Skip to main content

Abortion and Gay Marriage: Time to Rethink Them


Abortion and gay marriage are difficult issues for most of us.  In fact, I would say they are for all of us. 

They are often so misunderstood and those dealing directly with them are many times dismissed, condemned, or otherwise mistreated because of it.

Abortion.

Abortion is always complicated.  I have known couples, families, individuals who have been through this.  None of them ever took it lightly or thought of it as some easy way out of a difficult situation.  They each one agonized over the whole process.  And they all carried afterwards a wound, a deep feeling of remorse, free-floating guilt for years, the burden of second guessing their decision, and the grief and loss that come from going through something like that.

We should have the greatest compassion for women and those closest to them who choose to have an abortion.  Why do we often forget or refuse to do that?

Abortion clinics should be places of solace, quiet care, and sympathy.  Not places of protest and screaming taunts and violence against physicians.

We need to transform our thinking about this.  For too long we’ve made abortion some kind of monstrous act.  Is it heartbreaking and emotionally traumatic?  Yes, in every way.  But it is always a woman’s choice, not yours or mine.  Not the church’s or the government’s or anyone else’s.

Abortions are legal in this country.  Our highest court has made it so.  Let’s not forget that.  No one is breaking the law having one.  It is a personal, often agonizing, moral choice.  And those who make it should be left alone to deal with all of the physical and emotional ramifications of it as best they can.  They do not deserve ridicule, judgment, or sermonizing.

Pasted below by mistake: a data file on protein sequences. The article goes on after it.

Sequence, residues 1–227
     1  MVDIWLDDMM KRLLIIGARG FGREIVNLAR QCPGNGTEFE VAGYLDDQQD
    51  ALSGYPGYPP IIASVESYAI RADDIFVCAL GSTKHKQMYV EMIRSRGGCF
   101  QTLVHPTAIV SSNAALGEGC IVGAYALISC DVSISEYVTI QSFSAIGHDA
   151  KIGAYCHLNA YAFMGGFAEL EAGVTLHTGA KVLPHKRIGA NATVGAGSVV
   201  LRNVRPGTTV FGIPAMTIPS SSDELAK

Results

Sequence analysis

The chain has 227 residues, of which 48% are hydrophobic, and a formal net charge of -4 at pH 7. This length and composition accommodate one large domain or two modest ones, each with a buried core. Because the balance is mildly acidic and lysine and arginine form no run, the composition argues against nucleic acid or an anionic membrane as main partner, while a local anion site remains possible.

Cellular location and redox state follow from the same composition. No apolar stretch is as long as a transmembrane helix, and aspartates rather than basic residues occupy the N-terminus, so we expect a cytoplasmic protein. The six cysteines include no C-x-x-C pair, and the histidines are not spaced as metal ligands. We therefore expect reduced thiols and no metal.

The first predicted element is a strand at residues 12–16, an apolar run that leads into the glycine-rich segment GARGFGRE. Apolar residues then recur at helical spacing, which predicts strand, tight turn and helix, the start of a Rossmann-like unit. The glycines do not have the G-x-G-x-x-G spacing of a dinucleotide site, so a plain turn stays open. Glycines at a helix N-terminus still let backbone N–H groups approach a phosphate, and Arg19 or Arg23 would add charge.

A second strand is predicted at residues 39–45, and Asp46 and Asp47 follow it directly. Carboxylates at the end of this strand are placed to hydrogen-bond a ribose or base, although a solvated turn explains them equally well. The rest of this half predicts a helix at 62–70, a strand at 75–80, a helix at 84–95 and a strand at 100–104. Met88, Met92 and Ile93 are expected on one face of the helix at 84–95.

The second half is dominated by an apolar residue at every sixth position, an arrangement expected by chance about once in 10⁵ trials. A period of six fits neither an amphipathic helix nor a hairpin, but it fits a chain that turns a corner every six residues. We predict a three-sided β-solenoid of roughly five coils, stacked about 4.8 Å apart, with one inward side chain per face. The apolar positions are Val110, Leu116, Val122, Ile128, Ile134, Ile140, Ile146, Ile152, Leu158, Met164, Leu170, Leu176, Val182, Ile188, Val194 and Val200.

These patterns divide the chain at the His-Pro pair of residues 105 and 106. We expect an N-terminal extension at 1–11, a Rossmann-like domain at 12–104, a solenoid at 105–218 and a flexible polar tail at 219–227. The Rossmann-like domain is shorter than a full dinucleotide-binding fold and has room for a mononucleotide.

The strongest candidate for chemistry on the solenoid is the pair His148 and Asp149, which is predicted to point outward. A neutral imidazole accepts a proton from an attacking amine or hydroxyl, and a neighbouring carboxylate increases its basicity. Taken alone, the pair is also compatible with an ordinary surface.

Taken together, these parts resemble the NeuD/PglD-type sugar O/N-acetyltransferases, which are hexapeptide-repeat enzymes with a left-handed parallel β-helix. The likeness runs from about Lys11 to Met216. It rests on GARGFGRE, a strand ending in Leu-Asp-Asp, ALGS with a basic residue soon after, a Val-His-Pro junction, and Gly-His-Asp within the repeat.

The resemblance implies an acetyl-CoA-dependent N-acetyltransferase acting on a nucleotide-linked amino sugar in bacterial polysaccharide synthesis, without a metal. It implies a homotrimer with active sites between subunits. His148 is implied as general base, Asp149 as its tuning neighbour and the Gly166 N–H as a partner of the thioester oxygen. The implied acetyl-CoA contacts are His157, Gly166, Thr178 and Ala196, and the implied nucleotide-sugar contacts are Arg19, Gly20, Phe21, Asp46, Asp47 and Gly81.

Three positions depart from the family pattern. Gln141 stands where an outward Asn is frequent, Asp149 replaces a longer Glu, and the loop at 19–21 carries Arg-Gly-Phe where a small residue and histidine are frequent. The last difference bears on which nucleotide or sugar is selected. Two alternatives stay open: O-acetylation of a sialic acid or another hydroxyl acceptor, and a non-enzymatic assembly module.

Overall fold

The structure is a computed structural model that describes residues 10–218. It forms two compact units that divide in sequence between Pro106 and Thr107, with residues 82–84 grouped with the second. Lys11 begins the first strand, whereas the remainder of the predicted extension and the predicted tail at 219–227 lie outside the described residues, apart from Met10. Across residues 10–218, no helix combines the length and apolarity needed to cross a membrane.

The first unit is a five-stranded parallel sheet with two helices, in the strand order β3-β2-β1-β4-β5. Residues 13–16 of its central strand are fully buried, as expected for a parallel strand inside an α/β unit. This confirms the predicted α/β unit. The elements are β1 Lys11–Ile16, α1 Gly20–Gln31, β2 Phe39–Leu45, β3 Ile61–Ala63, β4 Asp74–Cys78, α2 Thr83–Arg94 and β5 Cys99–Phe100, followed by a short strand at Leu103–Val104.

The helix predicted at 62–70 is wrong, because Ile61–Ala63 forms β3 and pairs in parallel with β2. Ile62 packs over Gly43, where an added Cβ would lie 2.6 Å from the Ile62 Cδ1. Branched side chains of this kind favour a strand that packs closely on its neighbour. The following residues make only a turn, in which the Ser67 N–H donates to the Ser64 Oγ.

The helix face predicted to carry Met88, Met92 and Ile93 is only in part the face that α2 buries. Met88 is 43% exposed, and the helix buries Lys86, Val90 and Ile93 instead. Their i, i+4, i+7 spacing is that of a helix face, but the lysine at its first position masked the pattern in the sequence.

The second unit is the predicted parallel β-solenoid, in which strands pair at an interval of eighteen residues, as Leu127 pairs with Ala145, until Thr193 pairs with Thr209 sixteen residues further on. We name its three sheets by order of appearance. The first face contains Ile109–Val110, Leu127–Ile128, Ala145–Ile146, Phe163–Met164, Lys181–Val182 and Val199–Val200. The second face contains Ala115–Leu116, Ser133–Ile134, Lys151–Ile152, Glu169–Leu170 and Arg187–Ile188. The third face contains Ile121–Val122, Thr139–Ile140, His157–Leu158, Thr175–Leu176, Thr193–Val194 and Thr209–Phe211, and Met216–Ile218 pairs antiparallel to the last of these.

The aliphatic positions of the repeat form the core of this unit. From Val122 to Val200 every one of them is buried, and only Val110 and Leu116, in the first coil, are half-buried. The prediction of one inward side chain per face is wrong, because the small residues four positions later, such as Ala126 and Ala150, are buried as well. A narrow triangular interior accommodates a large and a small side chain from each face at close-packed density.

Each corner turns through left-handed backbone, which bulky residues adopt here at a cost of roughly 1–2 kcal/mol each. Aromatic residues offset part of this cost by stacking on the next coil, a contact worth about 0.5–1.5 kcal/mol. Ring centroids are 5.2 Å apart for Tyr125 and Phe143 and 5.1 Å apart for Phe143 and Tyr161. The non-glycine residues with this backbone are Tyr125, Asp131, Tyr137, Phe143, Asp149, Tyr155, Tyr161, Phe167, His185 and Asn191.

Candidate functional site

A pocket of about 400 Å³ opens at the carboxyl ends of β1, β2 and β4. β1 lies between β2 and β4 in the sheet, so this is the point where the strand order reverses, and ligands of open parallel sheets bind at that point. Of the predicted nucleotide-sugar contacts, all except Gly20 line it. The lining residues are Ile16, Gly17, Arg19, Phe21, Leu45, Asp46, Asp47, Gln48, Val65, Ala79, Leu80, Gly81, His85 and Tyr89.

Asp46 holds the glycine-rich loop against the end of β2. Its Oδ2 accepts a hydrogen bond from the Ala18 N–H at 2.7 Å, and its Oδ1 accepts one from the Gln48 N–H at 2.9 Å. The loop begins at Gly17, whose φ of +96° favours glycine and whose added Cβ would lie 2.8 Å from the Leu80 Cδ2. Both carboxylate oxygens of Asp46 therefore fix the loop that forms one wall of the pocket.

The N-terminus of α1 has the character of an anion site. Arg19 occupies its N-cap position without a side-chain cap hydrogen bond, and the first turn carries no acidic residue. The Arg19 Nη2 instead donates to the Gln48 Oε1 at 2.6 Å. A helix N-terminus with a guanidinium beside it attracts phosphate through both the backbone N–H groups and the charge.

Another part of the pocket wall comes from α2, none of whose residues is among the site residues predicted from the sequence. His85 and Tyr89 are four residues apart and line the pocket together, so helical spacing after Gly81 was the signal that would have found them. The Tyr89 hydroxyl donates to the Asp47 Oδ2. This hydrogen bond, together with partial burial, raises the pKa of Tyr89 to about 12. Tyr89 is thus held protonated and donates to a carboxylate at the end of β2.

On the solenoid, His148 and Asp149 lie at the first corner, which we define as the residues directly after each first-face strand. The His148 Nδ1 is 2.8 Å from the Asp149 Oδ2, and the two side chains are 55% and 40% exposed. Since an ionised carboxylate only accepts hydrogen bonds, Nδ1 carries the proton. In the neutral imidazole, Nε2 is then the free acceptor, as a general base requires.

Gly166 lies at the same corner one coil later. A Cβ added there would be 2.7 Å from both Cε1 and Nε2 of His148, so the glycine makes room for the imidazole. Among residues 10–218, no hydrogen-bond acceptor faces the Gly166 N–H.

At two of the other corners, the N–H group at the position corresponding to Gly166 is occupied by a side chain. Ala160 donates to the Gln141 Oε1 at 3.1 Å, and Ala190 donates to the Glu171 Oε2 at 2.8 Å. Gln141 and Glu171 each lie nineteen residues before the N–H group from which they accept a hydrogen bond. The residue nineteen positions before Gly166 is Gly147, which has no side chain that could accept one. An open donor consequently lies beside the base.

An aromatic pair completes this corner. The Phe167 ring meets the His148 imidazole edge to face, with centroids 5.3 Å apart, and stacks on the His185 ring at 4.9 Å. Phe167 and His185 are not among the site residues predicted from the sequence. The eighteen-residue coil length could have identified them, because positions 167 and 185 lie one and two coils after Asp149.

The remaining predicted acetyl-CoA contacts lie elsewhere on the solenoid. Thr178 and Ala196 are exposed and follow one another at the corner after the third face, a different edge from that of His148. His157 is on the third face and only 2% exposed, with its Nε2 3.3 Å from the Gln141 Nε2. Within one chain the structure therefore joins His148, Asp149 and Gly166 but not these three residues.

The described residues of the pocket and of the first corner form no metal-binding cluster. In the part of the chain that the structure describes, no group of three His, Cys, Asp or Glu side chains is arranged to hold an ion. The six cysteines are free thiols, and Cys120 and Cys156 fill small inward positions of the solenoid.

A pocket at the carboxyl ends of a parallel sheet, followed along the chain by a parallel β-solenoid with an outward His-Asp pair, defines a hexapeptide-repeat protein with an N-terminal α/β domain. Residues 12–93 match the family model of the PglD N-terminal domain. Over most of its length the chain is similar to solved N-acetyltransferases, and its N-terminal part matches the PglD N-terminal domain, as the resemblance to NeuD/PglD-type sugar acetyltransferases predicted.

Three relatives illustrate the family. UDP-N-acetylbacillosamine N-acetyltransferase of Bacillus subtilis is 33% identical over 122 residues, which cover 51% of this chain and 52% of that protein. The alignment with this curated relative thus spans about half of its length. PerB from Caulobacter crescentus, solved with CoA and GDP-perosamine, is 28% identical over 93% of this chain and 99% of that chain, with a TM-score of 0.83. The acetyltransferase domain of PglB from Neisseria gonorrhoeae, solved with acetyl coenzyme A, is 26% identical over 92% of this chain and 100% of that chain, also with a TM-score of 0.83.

Gay marriage.

We have been so unkind to gays in this country, forever.  We have teased and made fun of them, cast them off and condemned them, and sometimes killed them out of hate, ignorance, and intolerance.

For years gays were mocked and shamed and told they were perverted and over sexed and depraved.  And now we condemn them for wanting to have a loving, monogamous relationship within the safeguards of legal marriage.  We belittle them for the very things we said they never were—responsible, moral, and committed to one another.

Gay marriage should be legal in this country.  It should be sanctioned by the church.  It should be celebrated by all loving, caring people everywhere.

Gay marriage in no way takes away from heterosexual marriage.  In fact it elevates marriage to a place of honor and importance for all couples in love.

I am often impatient with the religious community when it comes to these issues.  The idea that we can use religion as some sort of justification for shaming and condemning people who choose to have an abortion, or who are gay and want to be legally married, is a violation of everything religion should mean.

The principle of love runs through every religion known to man.  That alone should drive our behavior in life.  The prohibitions of religion should not form our theology.  Love should.

It’s time as a society, as supposedly a Christian nation, certainly as a nation of religious beliefs, that we start treating all people with respect and human dignity.  And that includes those who choose to have an abortion and those who are gay and want to be married in a legal, and if they desire, a church ceremony.